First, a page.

We’ve all heard of Big Data—capital B, capital D—and the myriad ways the life sciences industry can exploit it. Algorithms can be used to make sense of vast datasets, helping pathologists analyze tissue samples to diagnose disease, or crunching genomic data to predict a person’s risk for aneurysm. But what about “small data?” Can we apply the tools we have used for big data in situations where little or no data are available?
First things first: With the utility of big data, why are biotech companies even thinking about “small data?”
When big data was “all the rage,” many players started out by “exploiting the wealth of large databases, public repositories, patent data, [scientific] literature data”—essentially big datasets that were already out there. This work was important in getting the field started, Andrew Hopkins, CEO of Exscientia, a company using an artificial intelligence-based platform in drug design, told FierceBiotech.
However, working with existing datasets—however large—is not a direct path to innovation: “We quickly understood that if you are using machine-learning models dependent on having a large amount of data, the downside is most projects tend to have been projects that have already been well worked on. The cutting edge in drug discovery is in first-in-class, novel targets, where there is actually very little data,” he said.
Small data, he said are “the next frontier of problems we really need to solve.”
“Ultimately, every drug discovery project starts off as a small-data project,” he said. “And of course, that is where the commercial imperative is as well, to develop innovative medicines.”
He’s talking about coming up with new compounds and then optimizing them—figuring out which compound to make next and which experiment to conduct next to eventually arrive at a drug candidate. Because after all, an active compound does not a drug make. It has to tick a number of other boxes—selectivity to its target, solubility so it actually gets absorbed into the body, and so on—before it can be moved forward as a drug candidate.
“At the start of a drug discovery project, you might have five compounds that are active, but you don’t know their selectivity or their solubility—you don’t know a lot of things,” said Willem van Hoorn, chief decision scientist at Exscientia.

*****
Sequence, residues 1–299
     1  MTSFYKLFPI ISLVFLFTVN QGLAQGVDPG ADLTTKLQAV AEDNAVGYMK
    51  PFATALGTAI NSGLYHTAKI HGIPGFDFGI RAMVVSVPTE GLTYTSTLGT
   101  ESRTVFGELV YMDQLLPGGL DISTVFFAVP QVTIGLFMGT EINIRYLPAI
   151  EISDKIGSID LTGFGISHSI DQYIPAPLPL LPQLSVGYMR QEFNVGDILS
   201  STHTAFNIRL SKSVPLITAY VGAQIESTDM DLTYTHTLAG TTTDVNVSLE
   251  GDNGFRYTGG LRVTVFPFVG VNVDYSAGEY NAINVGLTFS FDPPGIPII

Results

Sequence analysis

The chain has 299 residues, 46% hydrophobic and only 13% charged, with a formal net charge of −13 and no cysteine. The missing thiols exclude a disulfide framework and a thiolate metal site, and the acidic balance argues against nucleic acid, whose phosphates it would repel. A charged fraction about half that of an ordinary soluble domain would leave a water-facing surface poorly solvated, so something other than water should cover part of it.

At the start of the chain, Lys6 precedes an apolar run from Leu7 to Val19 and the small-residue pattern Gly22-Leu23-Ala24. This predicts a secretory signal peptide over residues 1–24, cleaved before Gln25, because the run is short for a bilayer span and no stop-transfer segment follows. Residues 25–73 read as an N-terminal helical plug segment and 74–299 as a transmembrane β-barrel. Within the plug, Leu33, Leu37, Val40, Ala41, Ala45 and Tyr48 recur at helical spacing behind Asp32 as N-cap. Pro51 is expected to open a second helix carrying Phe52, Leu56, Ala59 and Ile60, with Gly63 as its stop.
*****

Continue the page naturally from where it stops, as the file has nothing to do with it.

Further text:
One way to learn all those things is to conduct “a gazillion of experiments,” van Hoorn said. “You will get there, even if you do experiments at random. But it’s not a very efficient way.”
Or, “people often try to force the use of a sophisticated model like deep learning… that works in a big data environment, in a lower data environment,” said Therence Bois, co-founder and director of operations at InVivoAI, a Montreal-based startup focusing on deep learning algorithms for low-data situations.
“The key thing is understanding what the problem is and designing the appropriate technology to solve it,” said Hopkins and van Hoorn.
“The real power of algorithms comes from exploiting very large datasets—the larger it is, the more powerful it is,” Hopkins said. Those types of datasets aren’t available in drug discovery, so a different approach is needed in low-data settings.
Both Exscientia and InVivoAI work with active-learning models, which—as the name suggests—don’t just make predictions based on existing data.
“With deep learning, you generally get models that perform very, very well for the data they were trained on. But give them a new set of compounds or a new set of samples, they perform quite poorly,” said Daniel Cohen, co-founder and CEO of InVivoAI.
Active learning models can take in new data, learn from them and become better models: “We can get better predictive models, and ultimately, better compounds, by actively interfacing with medicinal chemistry teams,” Cohen said. They can generate new compounds, new structures that perform better than the ones used to train the model.